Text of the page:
Robin at Rurification posted a creativity exercise. Find 10 beautiful things in your home. Photograph them or describe them.
Here's a mosaic of my ten things for tonight:
A photo of my grandparents in their old age. A peach from my friend's tree.
Grainlines on the faux floor. Oregano blooms salvaged from today's trimming by my five year old.
A print of a woman sheaving (?) grain in a field. A toy dino--check out the details!
Paintbrushes--indicators of a job now done. Etched glass.
A tiny turtle that used to sit in my great aunt's office. Now it cuddles up with one of my plants. Some clay creations from my son.
Sometimes the trick of looking for beauty is seeing what is already here. Thanks Robin!
Tuesday, July 26, 2011
My great aunts are wonderful. Every time one of them travels this way by car I receive gifts. This time, I got a new (to me) sewing desk and a new (to me) old sewing machine. Here's the new desk all set up. It looks nice at this point.
This photo is of my old desk. The blue blob is covering my sewing machine to protect it from the lint from the wool yarn I've been rewinding. The pile of stuff to the left of the machine--see the pink fabric?--well, that's my pile of stuff. It's something of an archeological monument....the deeper you dig, you unearth projects from further back in time. Periodically, I do try and clean my desk. It's pretty bad right now. The wooden structure in front of the desk is one of my spinning wheels. It's only there because I was setting up the new desk and needed space to move.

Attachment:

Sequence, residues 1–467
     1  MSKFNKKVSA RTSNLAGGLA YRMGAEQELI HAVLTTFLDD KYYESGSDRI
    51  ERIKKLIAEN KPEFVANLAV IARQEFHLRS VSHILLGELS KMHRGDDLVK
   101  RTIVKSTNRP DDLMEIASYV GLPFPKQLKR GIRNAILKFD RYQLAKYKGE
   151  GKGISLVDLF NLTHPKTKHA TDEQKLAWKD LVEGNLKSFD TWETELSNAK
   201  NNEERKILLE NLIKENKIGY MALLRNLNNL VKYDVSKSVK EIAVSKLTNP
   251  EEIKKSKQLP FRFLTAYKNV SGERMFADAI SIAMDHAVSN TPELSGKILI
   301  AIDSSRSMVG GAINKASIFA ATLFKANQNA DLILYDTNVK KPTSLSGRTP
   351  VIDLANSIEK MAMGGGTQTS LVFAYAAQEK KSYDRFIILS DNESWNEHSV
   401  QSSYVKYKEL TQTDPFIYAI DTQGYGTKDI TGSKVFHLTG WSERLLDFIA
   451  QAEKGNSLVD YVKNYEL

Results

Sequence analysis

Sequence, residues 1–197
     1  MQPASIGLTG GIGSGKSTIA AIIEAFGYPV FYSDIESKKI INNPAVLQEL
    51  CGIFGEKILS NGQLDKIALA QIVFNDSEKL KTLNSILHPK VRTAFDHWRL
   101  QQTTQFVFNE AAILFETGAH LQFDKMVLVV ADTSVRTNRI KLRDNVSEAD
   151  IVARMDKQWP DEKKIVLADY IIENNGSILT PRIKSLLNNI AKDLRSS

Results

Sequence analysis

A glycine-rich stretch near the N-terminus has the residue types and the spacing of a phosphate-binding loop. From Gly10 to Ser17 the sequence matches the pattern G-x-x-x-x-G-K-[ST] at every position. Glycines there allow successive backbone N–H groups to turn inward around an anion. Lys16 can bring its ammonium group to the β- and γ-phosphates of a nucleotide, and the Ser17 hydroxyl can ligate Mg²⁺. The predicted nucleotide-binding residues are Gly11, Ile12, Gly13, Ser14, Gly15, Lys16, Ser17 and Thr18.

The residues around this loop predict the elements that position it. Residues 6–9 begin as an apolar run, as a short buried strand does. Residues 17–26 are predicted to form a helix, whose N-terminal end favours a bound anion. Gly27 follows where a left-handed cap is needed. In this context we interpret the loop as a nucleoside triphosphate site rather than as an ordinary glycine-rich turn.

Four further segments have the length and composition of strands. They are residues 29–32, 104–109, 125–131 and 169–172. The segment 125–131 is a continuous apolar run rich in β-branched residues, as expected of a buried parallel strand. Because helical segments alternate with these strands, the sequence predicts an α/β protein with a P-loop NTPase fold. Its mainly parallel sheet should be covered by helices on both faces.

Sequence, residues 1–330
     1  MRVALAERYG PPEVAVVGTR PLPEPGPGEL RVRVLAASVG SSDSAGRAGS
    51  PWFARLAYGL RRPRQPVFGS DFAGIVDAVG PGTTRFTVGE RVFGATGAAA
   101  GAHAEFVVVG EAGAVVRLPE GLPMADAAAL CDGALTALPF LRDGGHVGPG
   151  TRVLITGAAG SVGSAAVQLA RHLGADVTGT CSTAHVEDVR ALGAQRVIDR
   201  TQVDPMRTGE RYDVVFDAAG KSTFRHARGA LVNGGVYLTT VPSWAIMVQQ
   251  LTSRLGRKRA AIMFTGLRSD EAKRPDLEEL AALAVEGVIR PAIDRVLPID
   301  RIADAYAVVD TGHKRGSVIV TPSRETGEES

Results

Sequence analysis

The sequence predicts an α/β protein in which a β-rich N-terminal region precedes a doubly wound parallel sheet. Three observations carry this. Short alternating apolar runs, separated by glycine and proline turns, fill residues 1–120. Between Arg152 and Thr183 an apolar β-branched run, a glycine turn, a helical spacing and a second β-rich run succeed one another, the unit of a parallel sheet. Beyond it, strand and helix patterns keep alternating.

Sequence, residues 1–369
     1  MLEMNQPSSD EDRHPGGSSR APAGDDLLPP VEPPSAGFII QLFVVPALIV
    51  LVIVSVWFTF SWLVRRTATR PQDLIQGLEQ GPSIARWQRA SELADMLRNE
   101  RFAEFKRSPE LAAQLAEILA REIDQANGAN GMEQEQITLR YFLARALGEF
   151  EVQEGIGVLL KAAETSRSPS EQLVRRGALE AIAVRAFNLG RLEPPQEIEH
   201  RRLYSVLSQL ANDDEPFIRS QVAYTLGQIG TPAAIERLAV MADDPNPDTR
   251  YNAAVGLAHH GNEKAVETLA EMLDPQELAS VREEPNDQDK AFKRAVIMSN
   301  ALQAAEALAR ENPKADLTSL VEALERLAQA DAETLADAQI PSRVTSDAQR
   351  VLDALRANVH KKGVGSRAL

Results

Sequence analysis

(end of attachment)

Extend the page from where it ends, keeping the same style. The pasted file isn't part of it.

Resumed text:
Even though my sewing desk is piled high with past projects, I managed to sew my three quilt squares for July. Again, I am amazed at how quickly these blocks with "big" pieces go together.
And here's a piece of weaving. It's a small piece, only 2" wide, but I think it's pretty cool.
It is a combination of balanced plain weave, huck lace and warp faced weaving. It's like weaving an inkle band in the middle of a bit of lace.
I came across the idea in a collection of old weaving newsletters with swatches. I bought the papers at The Fiber Event a few years ago. Every now and then I pull out the binder where I store them and peruse the samples. I love having woven samples to examine! My mind hasn't quite figured out the jump from 2D drafts to 3D fabrics, and samples really help.
The inspiration for this piece was from "Pinellas Weaving News, January 18, 1969, page 3. The source cited is a "Weavers Seminar at Amherst, Mass., 1967 by Grace C. Reed, weaving teacher and co-designer of Macomber Looms" and the yardage was woven by Eva L.E. Quinn. The original piece won Best in Show at the Pinellas County Fair in 1968.
I ran into a few tension issues with this piece--the warp faced band in the center builds a ridge on the front beam, which lowers the tension on the other areas of the fabric. Next time I'll have to put some sort of filler on the front beam to help even out the tension.